Funding College

Learn More, Earn More

Earning a college degree is often viewed as a stepping stone to the American dream. While a higher education comes with the potential for higher income, it doesn't come cheaply. You must first tackle the challenge of paying for it.

Whether you're saving for someone in your family or even yourself, the sooner you start planning for education costs, the better. According to recent studies the average cost of a four-year public university — tuition, fees, room and board — has increased significantly over the past 20 years. The average annual cost during 2019-2020 at a public university for state residents was $21,950.

Funding College for Military Spouses
Funding College for Military Spouses
Primary Text Separator for Milspouse Money Mission, Financial Education for Military Spouses
Primary Text Separator for Milspouse Money Mission, Financial Education for Military Spouses

Funding College

Learn More, Earn More

Earning a college degree is often viewed as a stepping stone to the American dream. While a higher education comes with the potential for higher income, it doesn't come cheaply. You must first tackle the challenge of paying for it.

Whether you're saving for someone in your family or even yourself, the sooner you start planning for education costs, the better. According to recent studies the average cost of a four-year public university — tuition, fees, room and board — has increased significantly over the past 20 years. The average annual cost during 2019-2020 at a public university for state residents was $21,950.

Primary Text Separator for Milspouse Money Mission, Financial Education for Military Spouses
Military Spouses - Financial Planning - Measure Progress

Funding College 301

Ways to Pay for College

 

College can be expensive, but don’t be discouraged if you can’t save enough to cover the entire cost. For perspective, consider another major purchase — like buying a house. Most buyers can’t pay cash for their house. Instead, they make a down payment and borrow the rest. College is no different. Funding College - College Is ExpensiveWhile many parents dream of being able to save enough to pay for their child’s college, they often find that it requires a combination of savings, income, scholarships, government programs and student loans.

CONSIDER FINANCIAL AID: It comes in the form of grants, scholarships, low-interest loans and work-study programs. Even if you do not think you will qualify, complete and submit the appropriate forms. Some colleges grant available aid on a first-come, first-served basis. For many people, funding college may come down to persistence in searching for opportunities.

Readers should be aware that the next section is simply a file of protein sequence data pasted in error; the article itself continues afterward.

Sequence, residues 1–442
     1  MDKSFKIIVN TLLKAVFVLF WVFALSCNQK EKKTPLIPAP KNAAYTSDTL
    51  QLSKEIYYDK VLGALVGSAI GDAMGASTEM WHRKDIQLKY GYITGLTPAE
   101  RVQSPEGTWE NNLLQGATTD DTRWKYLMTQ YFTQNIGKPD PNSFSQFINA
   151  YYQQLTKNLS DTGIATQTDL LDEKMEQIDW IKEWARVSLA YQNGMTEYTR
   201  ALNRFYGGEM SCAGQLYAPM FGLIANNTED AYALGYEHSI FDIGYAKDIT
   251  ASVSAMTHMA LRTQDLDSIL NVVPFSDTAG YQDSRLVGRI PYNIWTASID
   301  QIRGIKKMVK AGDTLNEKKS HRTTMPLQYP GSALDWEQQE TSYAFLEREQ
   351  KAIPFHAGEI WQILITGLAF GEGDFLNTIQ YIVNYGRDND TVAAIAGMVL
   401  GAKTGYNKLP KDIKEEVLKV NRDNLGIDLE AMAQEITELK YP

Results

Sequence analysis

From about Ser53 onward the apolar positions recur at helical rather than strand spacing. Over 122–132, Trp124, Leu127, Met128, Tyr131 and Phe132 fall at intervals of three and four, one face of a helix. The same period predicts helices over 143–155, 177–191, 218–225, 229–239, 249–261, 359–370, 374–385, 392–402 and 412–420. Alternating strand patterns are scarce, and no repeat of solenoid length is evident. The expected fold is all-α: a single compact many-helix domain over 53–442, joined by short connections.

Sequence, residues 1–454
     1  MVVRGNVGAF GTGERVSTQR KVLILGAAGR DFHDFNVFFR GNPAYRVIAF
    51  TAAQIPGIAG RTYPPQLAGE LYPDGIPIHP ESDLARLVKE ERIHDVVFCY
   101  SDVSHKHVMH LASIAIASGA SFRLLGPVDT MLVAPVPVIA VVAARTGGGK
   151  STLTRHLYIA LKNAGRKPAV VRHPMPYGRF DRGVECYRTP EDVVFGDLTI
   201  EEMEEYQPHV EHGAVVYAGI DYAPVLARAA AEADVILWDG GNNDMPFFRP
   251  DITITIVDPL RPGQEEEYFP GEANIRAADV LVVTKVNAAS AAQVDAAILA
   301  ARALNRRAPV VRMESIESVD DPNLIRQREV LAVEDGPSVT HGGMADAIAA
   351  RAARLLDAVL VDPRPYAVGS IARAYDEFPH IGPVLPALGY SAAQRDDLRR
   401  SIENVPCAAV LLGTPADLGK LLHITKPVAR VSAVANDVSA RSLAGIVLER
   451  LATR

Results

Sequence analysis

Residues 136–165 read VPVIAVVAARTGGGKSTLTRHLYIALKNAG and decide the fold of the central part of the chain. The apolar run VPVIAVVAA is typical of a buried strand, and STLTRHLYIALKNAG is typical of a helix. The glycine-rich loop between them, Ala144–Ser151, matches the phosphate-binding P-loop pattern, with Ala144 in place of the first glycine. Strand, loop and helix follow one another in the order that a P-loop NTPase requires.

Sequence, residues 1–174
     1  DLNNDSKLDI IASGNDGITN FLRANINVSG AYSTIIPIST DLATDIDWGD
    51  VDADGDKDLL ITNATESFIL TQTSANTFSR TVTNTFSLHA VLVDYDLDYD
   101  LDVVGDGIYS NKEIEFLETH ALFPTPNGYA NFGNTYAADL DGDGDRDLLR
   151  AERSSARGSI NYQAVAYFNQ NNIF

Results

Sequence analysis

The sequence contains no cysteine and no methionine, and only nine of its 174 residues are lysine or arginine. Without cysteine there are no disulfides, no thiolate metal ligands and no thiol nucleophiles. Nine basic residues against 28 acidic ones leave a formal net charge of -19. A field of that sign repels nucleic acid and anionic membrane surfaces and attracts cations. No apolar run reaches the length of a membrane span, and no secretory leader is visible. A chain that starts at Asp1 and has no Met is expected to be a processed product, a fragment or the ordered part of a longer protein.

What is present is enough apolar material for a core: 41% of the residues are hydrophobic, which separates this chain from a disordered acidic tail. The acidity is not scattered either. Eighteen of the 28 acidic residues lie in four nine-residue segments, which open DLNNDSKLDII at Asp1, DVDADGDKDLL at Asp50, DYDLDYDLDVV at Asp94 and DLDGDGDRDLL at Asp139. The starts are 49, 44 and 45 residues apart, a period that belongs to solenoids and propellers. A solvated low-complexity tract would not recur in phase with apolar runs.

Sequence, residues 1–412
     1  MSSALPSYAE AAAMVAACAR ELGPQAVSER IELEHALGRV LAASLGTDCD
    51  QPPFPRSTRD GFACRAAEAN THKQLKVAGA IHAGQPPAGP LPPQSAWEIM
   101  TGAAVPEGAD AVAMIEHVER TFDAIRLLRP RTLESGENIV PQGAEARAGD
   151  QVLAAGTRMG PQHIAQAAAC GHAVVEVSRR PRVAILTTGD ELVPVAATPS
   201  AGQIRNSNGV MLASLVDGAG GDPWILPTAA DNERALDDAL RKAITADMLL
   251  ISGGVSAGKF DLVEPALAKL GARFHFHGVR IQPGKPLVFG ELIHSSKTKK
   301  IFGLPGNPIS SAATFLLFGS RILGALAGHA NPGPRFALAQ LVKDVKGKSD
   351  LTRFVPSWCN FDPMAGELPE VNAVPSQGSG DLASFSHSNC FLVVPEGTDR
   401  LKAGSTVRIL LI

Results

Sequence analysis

COMPARE COLLEGE SAVINGS OPTIONS: Several popular college savings options have been created to help you save for education.

  • Uniform Transfers to Minors Act or Uniform Gifts to Minors Act accounts (UTMA/UGMA accounts). These are custodial accounts allowing individuals to contribute an irrevocable gift to a minor child. Accounts are established in the child’s name, and earnings up to a certain amount each year could receive more favorable tax treatment.
  • 529 College Savings Plans. These tax-advantaged investment accounts are designed to help save for education expenses. They can be established to benefit someone specifically — like a custodial account — or can be established with the flexibility to help others in your family. Click here to learn more.
  • Prepaid tuition plans. These allow you to lock in current tuition rates. Participants purchase units of tuition — years, semesters or credits — at current costs for state college and use them to pay for future college costs.
  • Coverdell Education Savings Accounts (ESA). Annual contributions up to $2,000 per beneficiary can be made as long as the contributor’s income does not exceed certain thresholds. Earnings can be federal income tax-free when used for qualified education expenses.
  • Ask your tax professional about federal income tax incentives designed to help you offset higher education expenses. For more information on education savings, see IRS Publication 970, Tax Benefits for Education, available at irs.gov.

Opportunities: Post-9/11 GI Bill

 

The Post-9/11 GI Bill provides up to 36 months of education benefits for approved programs. Some service members may also transfer unused GI Bill benefits to their dependents, including military spouses. Other benefits may include:

  • Monthly housing allowance
  • Annual books and supplies stipend
  • One-time rural benefit payment

For details, visit gibill.va.gov or call (888) 442-4551.

USE TUITION ASSISTANCE: If your service member is pursuing education, they should take advantage of tuition assistance programs offered by the military while they serve. This strategy may leave more Post-9/11 GI Bill benefits for you or your children to use.

Funding College: About Student Loans

 

FEDERAL STUDENT LOANS: Federal student loans should typically be used before private student loans. Federal loans charge lower, fixed interest rates. They can sometimes be subsidized while you’re in school, which means the government will pay the interest. Repayment doesn’t start until you graduate, leave school or change your enrollment status to less than half time. Finally, repayment terms for federal student loans are more flexible than private loans, and they can even be partially for fully forgiven in some circumstances.

TYPES OF DIRECT FEDERAL LOANS: